You may qualify for a waiver because you are the daughter of a U.S. citizen. At the time of your admission to the U. S. you are in possession of an immigrant visa and you are otherwise admissible except for your prior fraud or misrepresentation. The Immigration Judge has the discretion to grant a waiver in this situation. The Judge will weigh the positive factors about your case and compare them with the negative factors.
Note: This is not a legal advice.
- On January 16, 2019, we received an approval of naturalization for a client who received a waiver of misrepresentation in Immigration Court.
- On January 28, 2019 we received an approval of adjustment of status for a client who entered on a visa waiver.
- On December 6, 2018, we received an approval from Immigration Judge an adjustment of status for a client in removal proceedings.
- On December 26, 2018, we received an approval from USCIS of adjustment of status for a client after our response to Notice of Intent to Deny the case based on good faith marriage issues.
- On December 28, 2018, we received an approval of a naturalization from USCIS for a client who was granted a waiver of misrepresentation in Immigration Court.
- For the month of December 2018, we received approvals of I-751 for three clients.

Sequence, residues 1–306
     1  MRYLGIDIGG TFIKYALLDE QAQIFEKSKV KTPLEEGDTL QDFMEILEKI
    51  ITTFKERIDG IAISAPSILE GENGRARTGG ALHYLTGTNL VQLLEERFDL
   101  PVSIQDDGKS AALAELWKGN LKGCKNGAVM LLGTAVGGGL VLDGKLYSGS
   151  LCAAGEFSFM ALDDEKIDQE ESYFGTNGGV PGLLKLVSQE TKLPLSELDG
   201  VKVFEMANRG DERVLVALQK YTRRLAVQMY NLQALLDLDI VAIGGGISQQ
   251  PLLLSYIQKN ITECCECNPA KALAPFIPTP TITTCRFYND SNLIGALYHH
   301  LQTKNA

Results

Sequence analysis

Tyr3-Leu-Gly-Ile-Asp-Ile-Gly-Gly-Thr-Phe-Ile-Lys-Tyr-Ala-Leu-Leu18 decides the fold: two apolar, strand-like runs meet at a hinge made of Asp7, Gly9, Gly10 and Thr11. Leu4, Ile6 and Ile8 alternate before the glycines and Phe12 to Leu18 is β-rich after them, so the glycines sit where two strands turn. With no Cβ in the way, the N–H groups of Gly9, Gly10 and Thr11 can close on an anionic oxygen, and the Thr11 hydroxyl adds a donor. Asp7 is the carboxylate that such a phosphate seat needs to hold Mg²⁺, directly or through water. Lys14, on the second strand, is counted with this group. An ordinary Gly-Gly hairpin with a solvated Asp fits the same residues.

- For the month of November 2018, we received approvals of two adjustment of status, one naturalization and one U visa petition.
- For the month of October 2018, we received five approvals of N-400 and one approval for adjustment of status, two approvals of I-601A waiver of unlawful presence and one I-751 Removal of Condition on Residence.
- On September 19, 2018, we received an approval of N-400 naturalization application and one Fiancée visa petition..
- For the month of August 2018, we received an approval of four Naturalization applications and five adjustment of status applications.
- On July 27, 2018, we received an approval for permanent resident for a client who was abused by her spouse under VAWA.
- For the months of May to June 2018, we have received four Naturalization applications approvals and two Adjustment of Status approvals
- On April 18, 2018, we received a grant of waiver from Immigration Court for a husband and wife client who made a misrepresentation of their marital status but has no criminal records, has long residence and strong family ties in the U.S.
- On April 12, 2018, the Immigration Judge in San Francisco approved a waiver of misrepresentation in applying for a visa for our client who has been in the U.S. for 26 years, no criminal record and strong family ties in the U.S.
- On April 3, 2018, we received an approval from USCIS for a U visa for a client who was a victim of crime.
If you have immigration problems the Law Offices of Crispin C. Lozano can help you find a solution before your problem gets worse which could lead to deportation and family separation.
Crispin Caday Lozano, Esq. is an active member of the State Bar of California, the American Immigration Lawyers Association and San Francisco Trial Lawyers. He practices immigration law, bankruptcy and personal injury law since June 1999. His contact phone is 1-877-456-9266, email: firstname.lastname@example.org